Legislation Seeking to Curb Rising Rural Suicide Rate Approved by Congress

December 15, 2020

Legislation Seeking to Curb Rising Rural Suicide Rate Approved by Congress

Dec 15, 2020

Key Issues:Farm Policy

The Seeding Rural Resilience Act, legislation aimed at curbing the rising rate of suicide in rural areas, was passed by the U.S. House of Representatives and U.S. Senate last week as part of the National Defense Authorization Act (NDAA). The bill is currently awaiting President Trump’s signature.

 

The legislation was introduced in the U.S. Senate by Sens. Chuck Grassley, R-Iowa, and Jon Tester, D-Mont., both active farmers.

  

The Senators cited data from the Centers for Disease Control and Prevention, showing the suicide rate 45 percent higher in rural America than in urban areas. Americans in rural communities face isolation, distance from basic health care services, lack of broadband access, stigmas against receiving counseling, and financial burdens due to stagnant crop prices. These factors cause higher rates of stress for American farmers and ranchers, making it even harder for people in rural communities to get by.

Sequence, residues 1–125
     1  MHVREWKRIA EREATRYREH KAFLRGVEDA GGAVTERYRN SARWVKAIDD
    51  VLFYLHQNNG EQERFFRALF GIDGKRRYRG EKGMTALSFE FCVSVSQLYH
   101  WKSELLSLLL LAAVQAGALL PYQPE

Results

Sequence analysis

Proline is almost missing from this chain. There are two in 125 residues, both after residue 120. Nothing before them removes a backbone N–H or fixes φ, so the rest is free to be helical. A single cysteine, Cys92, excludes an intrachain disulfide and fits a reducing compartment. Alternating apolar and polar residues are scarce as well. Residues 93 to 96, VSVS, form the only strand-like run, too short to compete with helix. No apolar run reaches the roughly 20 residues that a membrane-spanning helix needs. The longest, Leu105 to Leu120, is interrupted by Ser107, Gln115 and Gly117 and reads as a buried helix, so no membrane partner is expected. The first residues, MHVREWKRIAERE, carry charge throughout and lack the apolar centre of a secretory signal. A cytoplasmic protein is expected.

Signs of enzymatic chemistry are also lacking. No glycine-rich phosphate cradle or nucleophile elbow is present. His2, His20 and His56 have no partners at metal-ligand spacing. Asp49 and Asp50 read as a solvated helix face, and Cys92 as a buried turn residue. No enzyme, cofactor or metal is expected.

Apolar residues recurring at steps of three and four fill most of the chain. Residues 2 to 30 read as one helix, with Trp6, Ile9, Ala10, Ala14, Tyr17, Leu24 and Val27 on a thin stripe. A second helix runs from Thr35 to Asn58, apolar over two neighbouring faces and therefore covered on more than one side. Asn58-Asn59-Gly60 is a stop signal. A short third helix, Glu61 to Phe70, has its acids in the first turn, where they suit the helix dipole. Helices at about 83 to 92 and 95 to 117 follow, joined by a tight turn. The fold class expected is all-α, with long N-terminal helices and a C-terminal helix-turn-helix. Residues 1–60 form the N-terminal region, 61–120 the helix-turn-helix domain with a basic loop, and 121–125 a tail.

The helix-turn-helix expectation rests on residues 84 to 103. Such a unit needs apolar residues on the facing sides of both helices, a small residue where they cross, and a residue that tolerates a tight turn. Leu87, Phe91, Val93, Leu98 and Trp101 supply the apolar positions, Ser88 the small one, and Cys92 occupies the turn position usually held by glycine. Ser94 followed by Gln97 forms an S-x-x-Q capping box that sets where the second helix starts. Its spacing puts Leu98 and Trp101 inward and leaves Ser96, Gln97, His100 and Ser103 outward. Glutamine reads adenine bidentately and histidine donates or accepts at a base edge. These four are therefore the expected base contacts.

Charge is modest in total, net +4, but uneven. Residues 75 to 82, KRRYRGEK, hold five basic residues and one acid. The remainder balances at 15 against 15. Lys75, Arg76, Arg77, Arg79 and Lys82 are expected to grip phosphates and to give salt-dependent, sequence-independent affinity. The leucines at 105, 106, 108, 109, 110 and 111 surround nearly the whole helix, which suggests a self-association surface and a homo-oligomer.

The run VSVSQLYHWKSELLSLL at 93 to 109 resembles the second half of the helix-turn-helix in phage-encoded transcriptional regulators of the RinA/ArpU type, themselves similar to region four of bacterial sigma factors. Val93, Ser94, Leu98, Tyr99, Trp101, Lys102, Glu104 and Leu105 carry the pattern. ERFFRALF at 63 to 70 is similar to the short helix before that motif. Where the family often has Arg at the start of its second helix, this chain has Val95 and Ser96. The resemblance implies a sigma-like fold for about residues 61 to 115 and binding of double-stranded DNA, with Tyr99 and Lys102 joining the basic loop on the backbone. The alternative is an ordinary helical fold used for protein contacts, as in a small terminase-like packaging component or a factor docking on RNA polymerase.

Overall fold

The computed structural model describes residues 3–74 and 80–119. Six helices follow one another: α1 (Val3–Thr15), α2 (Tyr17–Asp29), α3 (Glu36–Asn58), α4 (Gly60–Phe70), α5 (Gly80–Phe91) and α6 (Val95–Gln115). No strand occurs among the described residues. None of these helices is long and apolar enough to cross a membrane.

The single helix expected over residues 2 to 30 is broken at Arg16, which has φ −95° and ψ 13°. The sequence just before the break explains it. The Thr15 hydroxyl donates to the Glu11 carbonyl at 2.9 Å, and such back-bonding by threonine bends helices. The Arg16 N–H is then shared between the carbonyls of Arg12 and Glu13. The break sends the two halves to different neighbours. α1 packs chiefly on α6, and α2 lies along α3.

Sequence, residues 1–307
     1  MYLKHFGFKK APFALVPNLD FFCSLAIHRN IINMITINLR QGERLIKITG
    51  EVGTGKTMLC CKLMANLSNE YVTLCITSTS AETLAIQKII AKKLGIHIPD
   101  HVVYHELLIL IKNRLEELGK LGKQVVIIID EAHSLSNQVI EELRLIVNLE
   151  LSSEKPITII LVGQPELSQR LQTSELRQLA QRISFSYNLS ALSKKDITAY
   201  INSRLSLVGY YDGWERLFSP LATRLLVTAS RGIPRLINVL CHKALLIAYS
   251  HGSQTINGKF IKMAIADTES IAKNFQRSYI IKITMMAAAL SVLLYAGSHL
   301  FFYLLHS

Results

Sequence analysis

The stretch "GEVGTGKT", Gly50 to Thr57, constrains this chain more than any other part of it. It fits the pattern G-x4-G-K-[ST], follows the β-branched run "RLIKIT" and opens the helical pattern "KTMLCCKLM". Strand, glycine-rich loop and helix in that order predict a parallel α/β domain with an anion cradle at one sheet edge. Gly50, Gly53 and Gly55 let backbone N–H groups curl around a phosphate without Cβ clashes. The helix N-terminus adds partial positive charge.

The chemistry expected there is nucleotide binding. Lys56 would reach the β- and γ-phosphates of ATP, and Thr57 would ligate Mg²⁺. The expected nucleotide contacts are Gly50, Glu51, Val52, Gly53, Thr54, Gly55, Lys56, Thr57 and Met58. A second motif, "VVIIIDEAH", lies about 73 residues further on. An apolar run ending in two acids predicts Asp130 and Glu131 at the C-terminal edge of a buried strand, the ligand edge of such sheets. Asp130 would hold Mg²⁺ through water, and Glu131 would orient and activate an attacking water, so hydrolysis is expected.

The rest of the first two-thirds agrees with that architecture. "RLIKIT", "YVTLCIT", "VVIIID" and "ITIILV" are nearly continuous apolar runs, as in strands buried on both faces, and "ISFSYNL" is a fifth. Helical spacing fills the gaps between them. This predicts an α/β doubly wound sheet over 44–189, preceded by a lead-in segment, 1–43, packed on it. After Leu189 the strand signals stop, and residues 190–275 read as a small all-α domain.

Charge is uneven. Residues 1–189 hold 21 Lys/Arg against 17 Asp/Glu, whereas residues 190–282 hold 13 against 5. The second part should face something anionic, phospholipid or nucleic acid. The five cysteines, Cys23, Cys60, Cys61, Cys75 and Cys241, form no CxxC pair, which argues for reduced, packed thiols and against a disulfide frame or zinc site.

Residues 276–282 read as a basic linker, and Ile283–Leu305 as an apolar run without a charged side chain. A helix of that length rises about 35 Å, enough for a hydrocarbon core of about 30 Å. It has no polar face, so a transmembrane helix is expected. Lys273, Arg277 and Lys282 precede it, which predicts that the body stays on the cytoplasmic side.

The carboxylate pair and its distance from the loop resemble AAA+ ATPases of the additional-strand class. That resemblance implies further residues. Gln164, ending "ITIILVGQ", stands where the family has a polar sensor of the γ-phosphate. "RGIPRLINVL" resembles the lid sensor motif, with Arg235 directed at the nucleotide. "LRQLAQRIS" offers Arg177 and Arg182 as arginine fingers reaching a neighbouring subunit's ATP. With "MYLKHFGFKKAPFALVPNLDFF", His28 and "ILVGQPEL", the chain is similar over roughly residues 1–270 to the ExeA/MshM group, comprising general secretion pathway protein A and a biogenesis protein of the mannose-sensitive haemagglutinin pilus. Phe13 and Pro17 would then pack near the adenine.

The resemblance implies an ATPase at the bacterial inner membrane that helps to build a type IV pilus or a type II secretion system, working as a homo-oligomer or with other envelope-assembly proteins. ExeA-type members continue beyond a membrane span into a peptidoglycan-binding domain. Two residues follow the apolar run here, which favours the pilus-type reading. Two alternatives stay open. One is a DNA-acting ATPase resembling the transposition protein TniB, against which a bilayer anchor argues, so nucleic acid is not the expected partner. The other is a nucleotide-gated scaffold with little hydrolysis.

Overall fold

The Seeding Rural Resilience Act creates three initiatives aimed at curbing the growing rate of suicides in rural America:

 

  • Implements a Farmer-Facing Employee Training Program that requires the U.S. Department of Agriculture (USDA) to provide voluntary stress management training to Farm Service Agency, Risk Management Agency and National Resources Conservation Service Employees;
  • Forms a partnership between the Department of Health and Human Services and USDA to create a $3 million public service announcement campaign to increase public awareness of farm and ranch stress and destigmatize mental health care in rural communities; and
  • Directs the Secretary of Agriculture to work with state, local and nongovernmental stakeholders to collaborate and determine best practices for responding to farm and ranch mental stress.

 

Anyone experiencing a mental health crisis can call the National Suicide Prevention Lifeline 24/7 at 1-800-273-TALK, or 1-800-273-8255.

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